Abstracts Presented at the 7th Biennial Congress of the International Society of Arthroscopy, Knee Surgery, and Orthopaedic Sports Medicine| Volume 28, ISSUE 9, SUPPLEMENT , e389-e390, September 01, 2012

Paper 94: Is High Flexion Important in Post Operative Total Knee Arthroplasty?



      One of the main shifts in attitude by surgeons is towards obtaining high flexion in knee athroplasty. Surgical techniques, prosthesis design and post operative rehabiliation all contribute to increased knee flexion.
      This study aims to compare functional outcome scores and patient satisfaction rating against post operative knee flexion.


      This is a prospective study of a cohort of 233 patients. Follow up was 4.5 years with 3.2% lost to follow up. The patients' primary diagnosis was osteoathritis.
      The patients were interviewed for the study at 6 weeks, 3 months,6 months, 1 year and then every 2 years.
      Pre-operative scores taken included the KSS, OXFORD, WOMAC, SF12 and VAS Pain Score.
      Post operatively the same scores were taken along with the patient satisfaction questionnaire and compared with knee flexion.
      Orthowave Statistics software was used to generate results.


      57% of the study group were female with an average of 70 years.
      The preoperative data obtained are as follows: Flexion 117° +/− 13°; KS knee Score 41/100; VAS 7/10; SF 12 Mental- 7!, SF 12 Physical – 28.6; Womac 27; Oxford 38.7.
      The Post operative data obtained included.
      Flexion 128° +/− 10°; KS knee Score 95/100; VAS 1/10; SF 12 Mental- 88, SF 12 Physical – 93; Womac 1.07; Oxford 13.17.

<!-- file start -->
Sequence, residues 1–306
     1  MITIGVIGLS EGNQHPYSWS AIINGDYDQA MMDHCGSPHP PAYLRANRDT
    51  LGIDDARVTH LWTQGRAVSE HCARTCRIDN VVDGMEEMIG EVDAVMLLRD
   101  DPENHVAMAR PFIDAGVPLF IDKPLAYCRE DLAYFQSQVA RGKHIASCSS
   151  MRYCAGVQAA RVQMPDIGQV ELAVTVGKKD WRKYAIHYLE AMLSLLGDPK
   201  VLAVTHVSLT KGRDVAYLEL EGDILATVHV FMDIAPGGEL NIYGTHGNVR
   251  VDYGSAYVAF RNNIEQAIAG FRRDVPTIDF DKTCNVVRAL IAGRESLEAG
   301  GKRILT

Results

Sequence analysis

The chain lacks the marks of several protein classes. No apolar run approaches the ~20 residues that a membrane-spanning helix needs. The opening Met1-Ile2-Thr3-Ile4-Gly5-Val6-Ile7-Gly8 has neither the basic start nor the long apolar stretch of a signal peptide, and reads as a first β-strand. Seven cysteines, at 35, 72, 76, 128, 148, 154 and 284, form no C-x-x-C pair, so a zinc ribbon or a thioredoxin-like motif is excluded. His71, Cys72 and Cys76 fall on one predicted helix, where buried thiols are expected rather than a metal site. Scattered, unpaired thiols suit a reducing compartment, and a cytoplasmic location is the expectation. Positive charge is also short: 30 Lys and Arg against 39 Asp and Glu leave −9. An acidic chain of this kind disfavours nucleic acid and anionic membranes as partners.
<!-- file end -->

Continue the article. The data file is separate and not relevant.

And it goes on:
There were no correlations between knee flexion and post operative knee functional scores. However the patient satisfaction questionaire generated statistical correlations with increased flexion. These include: Regular activities, Heavy work, Expectation met (all P<0.05).


      As noted in the results, high flexion(>120) knees do not have a statistically significant difference in validated knee functional scores. However patient satisfaction is statistically higher in the high flexion group.
      This may indicate that validated functional scores are not designed to give better scores for higher flexion. Perhaps modern patients have different functional expectations to patients at the time of inception of these functional scores.


      Our cohort study demonstrates that high flexion does play a role in patient satisfaction and that it does not necessarily correlate with better functional scores. More importantly the high flexion knees have better post operative pain scores, return to regular and heavy activities.